Intracranial stenosis is the narrowing of a blood vessel inside the brain. Plaque (atherosclerosis) builds up inside the artery wall over time, decreasing blood flow to the brain. If plaque buildup is severe enough to cause symptoms, the risk of stroke is high. Treatments aim to reduce the risk of stroke by controlling or removing plaque buildup and by preventing blood clots.
- A transient ischemic attack (TIA), also referred to as a minor stroke or mini stroke, can represent an important warning sign of a potential future more serious stroke. A TIA occurs when a blood clot blocks an artery for a short period of time. The symptoms of a TIA are like a stroke but are temporary, usually lasting only a few minutes to hours.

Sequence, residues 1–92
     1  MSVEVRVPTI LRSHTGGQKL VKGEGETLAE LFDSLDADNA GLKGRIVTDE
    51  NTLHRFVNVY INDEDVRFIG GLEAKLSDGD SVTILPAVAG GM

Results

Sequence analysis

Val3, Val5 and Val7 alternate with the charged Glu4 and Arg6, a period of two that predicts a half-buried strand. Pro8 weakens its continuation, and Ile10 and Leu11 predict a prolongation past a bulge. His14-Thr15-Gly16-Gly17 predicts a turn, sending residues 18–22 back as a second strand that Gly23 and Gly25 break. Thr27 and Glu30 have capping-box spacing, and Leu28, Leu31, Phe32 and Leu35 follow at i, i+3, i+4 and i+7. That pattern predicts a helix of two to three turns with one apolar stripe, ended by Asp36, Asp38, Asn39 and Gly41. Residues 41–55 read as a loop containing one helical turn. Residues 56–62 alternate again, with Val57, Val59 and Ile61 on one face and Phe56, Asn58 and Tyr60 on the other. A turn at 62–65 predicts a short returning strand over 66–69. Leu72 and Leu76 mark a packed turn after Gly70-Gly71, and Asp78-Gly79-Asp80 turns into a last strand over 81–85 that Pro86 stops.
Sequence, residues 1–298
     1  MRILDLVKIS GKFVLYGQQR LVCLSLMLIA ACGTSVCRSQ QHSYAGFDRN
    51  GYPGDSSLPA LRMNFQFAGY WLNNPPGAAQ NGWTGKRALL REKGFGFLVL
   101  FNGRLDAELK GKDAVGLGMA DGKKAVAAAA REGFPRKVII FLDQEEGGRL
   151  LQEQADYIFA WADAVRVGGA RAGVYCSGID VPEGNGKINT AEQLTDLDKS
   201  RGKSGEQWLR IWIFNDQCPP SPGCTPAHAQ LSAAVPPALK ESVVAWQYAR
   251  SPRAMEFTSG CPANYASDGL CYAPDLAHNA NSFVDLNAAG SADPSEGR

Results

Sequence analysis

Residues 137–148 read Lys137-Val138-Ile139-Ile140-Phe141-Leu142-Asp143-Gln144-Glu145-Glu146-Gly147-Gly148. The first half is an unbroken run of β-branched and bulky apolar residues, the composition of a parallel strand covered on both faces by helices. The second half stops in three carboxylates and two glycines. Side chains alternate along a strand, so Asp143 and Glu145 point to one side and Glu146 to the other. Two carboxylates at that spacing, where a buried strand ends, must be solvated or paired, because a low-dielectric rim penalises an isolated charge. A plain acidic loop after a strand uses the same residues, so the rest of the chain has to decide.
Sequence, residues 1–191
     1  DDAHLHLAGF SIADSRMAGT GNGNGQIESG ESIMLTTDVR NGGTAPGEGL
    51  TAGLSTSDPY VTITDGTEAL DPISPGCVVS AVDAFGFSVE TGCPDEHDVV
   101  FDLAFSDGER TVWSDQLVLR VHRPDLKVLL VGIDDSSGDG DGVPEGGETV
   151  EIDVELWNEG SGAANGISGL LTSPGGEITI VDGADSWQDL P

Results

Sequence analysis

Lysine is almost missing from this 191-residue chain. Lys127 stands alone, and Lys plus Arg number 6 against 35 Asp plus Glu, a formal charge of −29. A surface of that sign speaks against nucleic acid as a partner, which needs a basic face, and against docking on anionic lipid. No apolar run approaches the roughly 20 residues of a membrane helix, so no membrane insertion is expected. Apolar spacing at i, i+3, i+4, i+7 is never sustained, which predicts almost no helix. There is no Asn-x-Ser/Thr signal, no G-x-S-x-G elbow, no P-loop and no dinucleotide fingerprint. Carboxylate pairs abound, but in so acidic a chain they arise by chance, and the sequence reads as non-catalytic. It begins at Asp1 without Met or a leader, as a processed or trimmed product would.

- An ischemic stroke is a much more serious version of a TIA, occurring when blood flow to the brain is blocked by a blood clot or plaque. Ischemic strokes are by far the most common type of stroke, occurring in approximately 87% of cases. Unlike a TIA, the blockage causing an ischemic stroke won’t go away on its own without urgent treatment.